The Xperience2014 Customer Conference, held March 31 – April 1, 2014, at the Vinoy Renaissance Resort in St. Petersburg, FL, provided an Xcellent platform for YourMembership.com customers, employees and industry thought leaders to connect, engage, and grow. Throughout the show our guests had the opportunity to attend sessions focused on business, marketing and association management best practices. We’ve put together a summary of the most notable association management ideas and recommendations that each speaker addressed during their presentations.
1. Shrink to Grow
Understanding, adapting, and knowing when to let go, in today’s increasingly competitive environment, are the keys to your associations’ success.
Shrinking may seem like a counter-intuitive path to growth and relevance, but best-selling author Mary Byers, CAE, discussed the significance of proficient resource allocation. Associations are finding themselves in an environment that is increasingly diverse, unstable, and competitive. In order to be successful they must acclimate, by becoming more skillful, creative, and disciplined when it comes to managing their resources. Thriving associations build on their strengths, concentrate their resources, and abandon the programs that are not delivering value to their members.
2. Use Data to Strengthen Your Relationships
Determine what your members’ needs are in order to understand how to collect and use data.
Kathie Pugaczewski, CAE, CMP, Vice President of Communication and Technology for Ewald Consulting, showed us how to utilize data to improve member relations. She recommended that you do not collect data you’re not going to use, use primary sources of data, go deeper instead of wider when collecting data, and then make your decisions based on that data. Following these practices will enable you to gain a more comprehensive understanding of who your members are and how to deliver content that is relevant to them and promotes greater involvement. Onboarding, clear communication, and personalization are paramount to your members’ satisfaction.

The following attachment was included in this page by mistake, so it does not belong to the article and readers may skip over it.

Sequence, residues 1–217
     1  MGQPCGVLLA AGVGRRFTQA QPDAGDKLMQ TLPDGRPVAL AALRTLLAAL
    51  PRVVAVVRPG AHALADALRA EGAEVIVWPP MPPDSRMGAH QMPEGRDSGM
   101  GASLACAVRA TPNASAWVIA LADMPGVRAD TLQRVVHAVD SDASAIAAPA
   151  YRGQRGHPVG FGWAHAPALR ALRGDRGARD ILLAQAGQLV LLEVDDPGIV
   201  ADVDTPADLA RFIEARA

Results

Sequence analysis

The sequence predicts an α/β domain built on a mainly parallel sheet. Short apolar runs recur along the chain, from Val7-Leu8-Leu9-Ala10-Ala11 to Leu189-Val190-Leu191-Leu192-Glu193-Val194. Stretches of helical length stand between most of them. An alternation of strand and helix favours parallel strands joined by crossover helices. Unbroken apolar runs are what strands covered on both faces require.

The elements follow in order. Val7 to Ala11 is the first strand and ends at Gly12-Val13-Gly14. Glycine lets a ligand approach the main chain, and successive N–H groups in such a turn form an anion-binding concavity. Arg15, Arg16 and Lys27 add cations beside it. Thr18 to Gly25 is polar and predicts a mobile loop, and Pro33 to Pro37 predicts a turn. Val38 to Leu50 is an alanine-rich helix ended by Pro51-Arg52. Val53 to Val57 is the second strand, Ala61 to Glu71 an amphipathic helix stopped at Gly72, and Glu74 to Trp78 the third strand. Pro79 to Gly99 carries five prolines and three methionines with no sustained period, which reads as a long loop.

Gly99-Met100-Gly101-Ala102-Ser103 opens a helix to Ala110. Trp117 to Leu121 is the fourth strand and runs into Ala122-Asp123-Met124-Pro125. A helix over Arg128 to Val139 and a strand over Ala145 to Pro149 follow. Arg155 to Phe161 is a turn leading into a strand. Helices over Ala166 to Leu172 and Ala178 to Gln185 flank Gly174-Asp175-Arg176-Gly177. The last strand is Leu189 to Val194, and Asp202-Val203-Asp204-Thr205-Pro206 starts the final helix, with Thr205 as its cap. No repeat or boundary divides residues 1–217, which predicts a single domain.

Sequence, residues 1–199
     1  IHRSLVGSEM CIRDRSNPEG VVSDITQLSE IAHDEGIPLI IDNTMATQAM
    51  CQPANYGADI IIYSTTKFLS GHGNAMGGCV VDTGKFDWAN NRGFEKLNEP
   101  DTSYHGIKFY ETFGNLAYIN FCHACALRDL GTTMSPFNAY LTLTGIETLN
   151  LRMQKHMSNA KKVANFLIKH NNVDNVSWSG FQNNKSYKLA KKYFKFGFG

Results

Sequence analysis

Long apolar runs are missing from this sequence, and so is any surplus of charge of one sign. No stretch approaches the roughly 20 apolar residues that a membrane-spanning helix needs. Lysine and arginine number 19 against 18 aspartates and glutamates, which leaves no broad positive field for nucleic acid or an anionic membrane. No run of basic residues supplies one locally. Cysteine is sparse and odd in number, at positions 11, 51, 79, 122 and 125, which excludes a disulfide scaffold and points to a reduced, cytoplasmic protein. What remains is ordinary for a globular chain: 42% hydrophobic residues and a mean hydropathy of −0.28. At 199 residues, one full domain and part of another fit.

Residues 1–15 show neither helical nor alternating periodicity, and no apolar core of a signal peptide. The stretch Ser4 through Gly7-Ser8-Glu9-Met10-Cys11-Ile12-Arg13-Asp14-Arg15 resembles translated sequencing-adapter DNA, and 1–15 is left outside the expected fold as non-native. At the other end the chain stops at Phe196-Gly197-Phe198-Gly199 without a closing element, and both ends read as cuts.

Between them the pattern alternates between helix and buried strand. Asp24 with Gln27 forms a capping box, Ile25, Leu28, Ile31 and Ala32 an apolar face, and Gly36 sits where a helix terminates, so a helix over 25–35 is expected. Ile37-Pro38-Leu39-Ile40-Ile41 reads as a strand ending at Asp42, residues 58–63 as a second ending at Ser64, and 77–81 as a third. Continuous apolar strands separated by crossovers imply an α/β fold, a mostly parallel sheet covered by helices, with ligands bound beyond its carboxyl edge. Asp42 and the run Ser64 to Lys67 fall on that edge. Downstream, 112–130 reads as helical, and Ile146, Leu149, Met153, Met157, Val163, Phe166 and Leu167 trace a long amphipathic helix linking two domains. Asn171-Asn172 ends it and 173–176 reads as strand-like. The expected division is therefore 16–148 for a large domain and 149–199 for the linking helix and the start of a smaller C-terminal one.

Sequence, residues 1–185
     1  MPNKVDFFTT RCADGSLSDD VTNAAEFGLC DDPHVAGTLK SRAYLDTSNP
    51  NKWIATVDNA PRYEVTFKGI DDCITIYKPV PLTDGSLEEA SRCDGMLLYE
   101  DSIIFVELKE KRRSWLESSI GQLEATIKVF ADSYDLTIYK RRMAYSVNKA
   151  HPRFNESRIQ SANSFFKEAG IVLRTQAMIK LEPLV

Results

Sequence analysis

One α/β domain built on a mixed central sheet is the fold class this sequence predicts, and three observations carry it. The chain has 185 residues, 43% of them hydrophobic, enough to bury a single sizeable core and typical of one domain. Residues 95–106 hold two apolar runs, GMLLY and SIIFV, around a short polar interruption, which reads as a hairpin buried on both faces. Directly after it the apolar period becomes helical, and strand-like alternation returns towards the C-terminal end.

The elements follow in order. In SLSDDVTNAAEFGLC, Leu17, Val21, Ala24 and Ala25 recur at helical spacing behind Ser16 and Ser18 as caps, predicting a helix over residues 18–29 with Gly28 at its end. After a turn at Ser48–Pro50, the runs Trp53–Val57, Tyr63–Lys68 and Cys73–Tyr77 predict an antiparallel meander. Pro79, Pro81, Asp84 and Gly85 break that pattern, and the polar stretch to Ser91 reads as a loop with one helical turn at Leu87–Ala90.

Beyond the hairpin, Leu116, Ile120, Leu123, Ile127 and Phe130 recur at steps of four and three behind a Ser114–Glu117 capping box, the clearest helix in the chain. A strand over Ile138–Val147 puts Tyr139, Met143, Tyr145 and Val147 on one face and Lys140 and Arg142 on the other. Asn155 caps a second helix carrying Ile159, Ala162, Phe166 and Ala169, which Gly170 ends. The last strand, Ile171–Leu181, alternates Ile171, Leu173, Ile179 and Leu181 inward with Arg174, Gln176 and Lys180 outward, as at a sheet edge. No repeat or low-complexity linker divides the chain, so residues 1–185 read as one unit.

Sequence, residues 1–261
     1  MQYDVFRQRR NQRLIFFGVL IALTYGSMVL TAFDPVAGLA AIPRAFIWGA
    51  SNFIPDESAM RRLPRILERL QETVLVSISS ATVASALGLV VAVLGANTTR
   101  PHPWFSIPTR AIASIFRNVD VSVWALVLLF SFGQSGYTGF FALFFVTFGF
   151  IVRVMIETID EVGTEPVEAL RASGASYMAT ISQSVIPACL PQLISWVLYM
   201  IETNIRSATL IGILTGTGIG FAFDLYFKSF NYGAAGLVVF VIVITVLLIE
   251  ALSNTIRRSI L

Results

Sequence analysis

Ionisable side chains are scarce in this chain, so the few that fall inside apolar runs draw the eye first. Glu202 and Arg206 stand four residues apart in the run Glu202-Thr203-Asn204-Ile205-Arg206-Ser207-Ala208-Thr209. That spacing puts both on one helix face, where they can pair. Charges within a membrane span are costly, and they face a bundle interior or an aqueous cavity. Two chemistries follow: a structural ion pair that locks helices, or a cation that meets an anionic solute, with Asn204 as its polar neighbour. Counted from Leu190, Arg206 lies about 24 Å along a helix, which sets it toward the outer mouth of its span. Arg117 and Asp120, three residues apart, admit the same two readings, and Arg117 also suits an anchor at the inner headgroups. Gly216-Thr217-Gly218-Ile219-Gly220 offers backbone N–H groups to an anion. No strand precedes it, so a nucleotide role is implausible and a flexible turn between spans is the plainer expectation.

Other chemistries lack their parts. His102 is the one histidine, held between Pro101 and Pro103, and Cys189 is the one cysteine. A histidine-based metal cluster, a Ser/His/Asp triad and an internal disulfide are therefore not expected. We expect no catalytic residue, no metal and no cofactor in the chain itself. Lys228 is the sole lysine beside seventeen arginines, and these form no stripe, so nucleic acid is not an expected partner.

3. Form Strategic Alliances
Partnerships are the wave of the future because associations stand to gain access to resources, expertise, customer bases, and influence when they correctly capitalize on partnerships.
Mary Byers, CAE, encourages associations to develop alliances with other associations, vendors, government agencies, NGOs, consumer groups, media, charitable organizations or foundations that have similar memberships, resources, expertise, goals or issues. When forming an alliance it is important to identify what you are looking for, the benefits to you and your partner, what you have to offer, and where your weaknesses or needs are. Proper planning and negotiation are paramount to this process — your partnership should have clear guidelines, metrics, and a plan for all possible outcomes.
4. Develop a Ladder of Engagement
In order to turn prospects into members, new members into long-term members, and one time volunteers into volunteer leaders, your association needs to utilize the data you collect to identify the triggers that will help you manage the lifecycle of your members and prospects.
Elizabeth Engel, M.A., CAE, CEO and Chief Strategist for Spark Consulting, demonstrated how you can create deeper engagement with members and prospects by understanding where they are in the “buying cycle.” You need to move them from simply connecting with your association to fully engaging, and as engagement increases, cost-effort commitment increases as well. That means moving prospects from something as simple as a free enewsletter, to a low-cost webinar, to attending events, and ultimately becoming a member. New members should be offered a welcome series, segments and personas, and targeted offers to ensure long term membership. One time volunteers should climb from micro-volunteering, to mission-driven task forces, and eventually reach volunteer leadership positions.
5. Manage Your Board More Effectively
The AMC Institute offered a unique perspective on what it takes to effectively manage boards in order to grow the associations they manage all the while growing their own businesses in a competitive environment.
Dede Gish-Panjada, MBA, from the AMC Institute, and Pam McKenna, CAE, of McKenna Management and an AMCi Board Member, shared their views on what principles they learned and put into practice from the book “Race for Relevance: 5 Radical Changes for Associations.” Associations need to understand that they cannot be everything to everybody, due to the limitation of resources in today’s economy. Your board has to be able to determine what brings the most value to your members, while also staying in step with the strategic initiatives of the organization. In addition, associations need to increase their investment in technology. On average, associations dedicate 5 percent of their budget to technology when they should be allocating 15-20 percent in order to keep up with the changing demands of their members. Two key components your association should focus on are overhauling the governance model to be more in line with your organization’s 5 or 10-year strategic plan, and making sure that the skill sets of your board members supports those goals. The same idea applies to the CEO and association staff. Make sure that your board empowers your staff by assembling a team that has the right skills and expertise to serve your members and board as effectively as possible.
There were so many great ideas shared at Xperience2014, some outside of the meeting rooms where YM customers met with their peers and shared the best practices they have developed from their own experiences.